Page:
In Van Wyk, the Colorado Supreme Court defined “intangible invasion” in the context of the plaintiffs' inverse condemnation claim, and the court held that invasions in the forms of noise, electromagnetic fields, and radiation waves are intangible invasions. Id. at 387. The court explained:
The meaning of the term “intangible” is something that is impalpable, or incapable of being felt by touch․ We conclude that noise, despite being perceptible through hearing, is impalpable, and thus, intangible.
Similarly, we also conclude that electromagnetic fields and radiation waves emitted by powerlines are intangible. Neither electromagnetic fields nor radiation waves produced by electric lines can be perceived by any of the senses. Instead, they are both similar to television and radio waves, which surround us at all times but which are completely imperceptible․ While such waves and fields might have some sort of physical effect upon the body, electromagnetic fields and radiation waves of the type at issue here are ubiquitous and our senses are incapable of perceiving them. As such, we agree ․ that electromagnetic fields and radiation waves emitted by powerlines are intangible intrusions upon land.
Id. at 387-88 (citations omitted).
In recognizing that other jurisdictions permitted trespass claims involving intangible intrusions to proceed, the Colorado Supreme Court did more than examine cases involving non-physical intrusions such as noise, electromagnetic fields, and radiation waves. The court also examined cases involving the deposit of particulate not visible to the human eye, as well as the deposit of radioactive materials. Id. at 390. At no time did the court in Van Wyk draw a distinction excepting these impalpable intrusions from its general analysis.
It is clear from the Colorado Supreme Court's discussion of this issue in Van Wyk that, under Colorado law, whether a trespass claim falls under the traditional rubric or must be pursued as an intangible trespass is determined by whether the intrusion is palpable. Plaintiffs do not dispute that the plutonium particles present on their properties are impalpable and imperceptible by the senses. Although we recognize the particles in question have mass and are physically present on the land, our interpretation of Colorado law compels us to conclude that because the particles are impalpable, the trespass alleged here must be tried as an intangible trespass. Consequently, Plaintiffs are required to prove actual physical damage to their properties in order to prevail on their trespass claims.
Plaintiffs argue the discussion of intangible invasions in Van Wyk should not control because a more recent case, Hoary v. United States (In re Hoary), 64 P.3d 214 (Colo.2003), recognized that contamination physically present within property supports a traditional trespass claim. In Hoary, the Colorado Supreme Court's decision addressed only the two narrow questions certified by the Tenth Circuit pertaining to whether the contamination of the property constituted a continuing trespass or nuisance. We agree with Defendants that, in Hoary, the Colorado Supreme Court treated the presence of contaminants as if it were not in dispute. Indeed, the decision explains, “For purposes of answering the certified questions before us, no dispute exists about whether the United States released TCE into the ground and by doing so, invaded Hoary's property.” Id. at 222. Because no dispute existed, the Hoary court only examined whether the facts in question could support a claim that the trespass or nuisance was continuing. The case does not stand for the proposition that impalpable contamination of property constitutes a tangible invasion that can be tried as a traditional trespass claim. In fact, it is not clear from Hoary whether the contamination in question was impalpable. The Colorado Supreme Court never discussed the issue because it was not presented.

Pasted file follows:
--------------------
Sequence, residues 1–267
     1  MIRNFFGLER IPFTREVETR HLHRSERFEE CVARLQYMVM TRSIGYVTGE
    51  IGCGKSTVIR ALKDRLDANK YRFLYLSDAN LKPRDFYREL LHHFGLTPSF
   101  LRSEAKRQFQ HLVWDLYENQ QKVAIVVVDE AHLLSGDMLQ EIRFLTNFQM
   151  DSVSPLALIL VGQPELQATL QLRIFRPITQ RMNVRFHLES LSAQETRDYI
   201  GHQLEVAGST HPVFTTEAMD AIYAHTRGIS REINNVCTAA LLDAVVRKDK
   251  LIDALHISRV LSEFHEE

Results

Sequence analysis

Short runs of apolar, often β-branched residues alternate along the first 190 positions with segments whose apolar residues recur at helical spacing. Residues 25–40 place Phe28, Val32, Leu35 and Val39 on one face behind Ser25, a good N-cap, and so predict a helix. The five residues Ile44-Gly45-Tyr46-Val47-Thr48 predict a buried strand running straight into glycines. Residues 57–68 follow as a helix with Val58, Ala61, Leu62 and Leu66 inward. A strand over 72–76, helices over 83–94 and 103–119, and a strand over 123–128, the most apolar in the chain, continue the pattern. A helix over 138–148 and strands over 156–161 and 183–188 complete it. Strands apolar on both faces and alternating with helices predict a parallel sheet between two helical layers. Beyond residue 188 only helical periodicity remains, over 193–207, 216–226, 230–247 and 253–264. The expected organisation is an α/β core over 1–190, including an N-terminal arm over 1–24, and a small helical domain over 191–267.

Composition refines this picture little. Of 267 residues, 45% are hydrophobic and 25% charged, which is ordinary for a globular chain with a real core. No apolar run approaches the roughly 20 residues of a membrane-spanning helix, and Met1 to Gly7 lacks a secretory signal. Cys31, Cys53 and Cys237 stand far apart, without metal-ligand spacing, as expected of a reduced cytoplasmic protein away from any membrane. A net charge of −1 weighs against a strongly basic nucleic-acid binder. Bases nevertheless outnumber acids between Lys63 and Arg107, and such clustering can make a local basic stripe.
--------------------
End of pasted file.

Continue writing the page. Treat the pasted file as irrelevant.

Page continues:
Jury Instruction No. 3.3 directed that to prove their trespass claims,
Plaintiffs are not required to show that plutonium is present on the Class Properties at any particular level or concentration, that they suffered any bodily harm because of the plutonium or that the presence of plutonium on the Class Properties damaged these properties in some other way.
This was erroneous as a matter of Colorado law and on remand, Plaintiffs shall be required to prove the plutonium contamination caused “physical damage to the property” in order to prevail on their trespass claims. Van Wyk, 27 P.3d at 390.
F. Class Certification
As the district court's class certification analysis failed to consider whether Plaintiffs could establish various elements of their PAA claims, supplied both by federal and state law, this court must reverse the district court's class certification ruling. Upon remand, the district court shall revisit the class certification question to determine whether Plaintiffs can establish the elements of their claims, including the PAA threshold requirements, on a class-wide basis. Because we now reverse the district court's class certification ruling, we need not reach the question of whether the district court's subdivision of the class for damages purposes was proper.
G. Punitive Damages
Defendants also argue the district court erred in instructing the jury that it could award punitive damages in the instant action. Defendants argue the PAA precludes punitive damages against them because their agreement with the federal government requires the government to indemnify them for any such damages. The court reviews this question of law de novo. Martinez, 572 F.3d at 1132.
In 1988, the PAA was amended to preclude awards of punitive damages when a defendant in a PAA action will be indemnified by the federal government for damages.22 It states: